“I still have dreams about them,” he said. In the nightmares, Stemle’s sitting on the bench in the dugout. He gets the call to go out into the game, but he knows he’s in too much pain to pitch.

Stemle thinks that the Lokator will help younger players avoid that. But, even with that, something about his product was missing until recently.


In the app’s current form, the pitcher or another person has to manually enter in where the ball hit. That leaves room for manipulating the statistics, meaning colleges or other professional organizations can’t use the app’s data.

Stemle hopes a partnership between him and the University of Louisville’s Department of Computer Engineering and Computer Science changes that.

A new algorithm, developed by Hichem Frigui, a professor in the department, films the pitch with the iPhone’s slow-motion video and records its velocity, movement and location hits. The improved app will also store the data and compare it to other pitchers using the program.

With this change, Stemle envisions individuals using the app more, of course, but also colleges who can use the Lokator Pitching Academy (the name for the both the target and the app) to record the performance of students who attend their camps and to check the statistics of possible recruits.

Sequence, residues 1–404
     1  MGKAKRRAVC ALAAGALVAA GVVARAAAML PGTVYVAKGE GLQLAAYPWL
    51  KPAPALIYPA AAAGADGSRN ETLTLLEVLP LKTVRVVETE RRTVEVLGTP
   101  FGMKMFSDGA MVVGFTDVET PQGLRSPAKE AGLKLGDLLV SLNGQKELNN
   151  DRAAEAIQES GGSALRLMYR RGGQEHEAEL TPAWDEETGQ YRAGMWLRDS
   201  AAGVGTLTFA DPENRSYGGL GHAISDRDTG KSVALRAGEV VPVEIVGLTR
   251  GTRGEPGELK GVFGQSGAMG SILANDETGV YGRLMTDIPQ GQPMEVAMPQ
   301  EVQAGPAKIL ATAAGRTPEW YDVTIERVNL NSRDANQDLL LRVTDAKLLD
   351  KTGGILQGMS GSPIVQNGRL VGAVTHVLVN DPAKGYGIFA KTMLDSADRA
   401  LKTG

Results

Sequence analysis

Evaluation companies, which parents already pay “a lot” of money to test their kids, could use the Lokator to measure accuracy instead of speed and major leagues could use the product to make sure their pitchers are training during the off-season.


The versatility of the app intrigued the Community Foundation of Louisville and Greater Louisville, Inc., the two organizations that run the Vogt Awards. Startups receive $25,000 in seed funding plus mentorship if they win a Vogt Award. Stemle received his in August.

“Lokator has an incredibly interesting technology and a captivated market,” said Ellie Puckett, a GLI employee involved in the awards.

The “captivated market” are parents constantly looking for ways for their children to get better and faster at their sport. They’ll pay just about anything to do that, Puckett said — one of the reasons why the 12 person Vogt Awards selection committee thinks Stemle will succeed.

Their prediction might come true in January. That’s when the new Lokator app launches. Not that Stemle’s done with making improvements. After the January update, he hopes to program the app to make changes and track the pitcher as he or she progresses. The app would be able to form training programs for pitchers based on their performance. It could also track a pitcher over a period of several years, showing how they’ve improved and attracting college recruiters in the process.

Stemle’s brain is buzzing with ideas. The athlete who once devoted everything to playing sports is now perfectly content as an entrepreneur, even when it doesn’t mean having the attention of thousands of people or the satisfaction of striking out Derek Jeter.

“I think it would be difficult for me to not be in a startup, Stemle said. “There’s a lot of pros and cons, but I enjoy it, and I am passionate about every part of it.”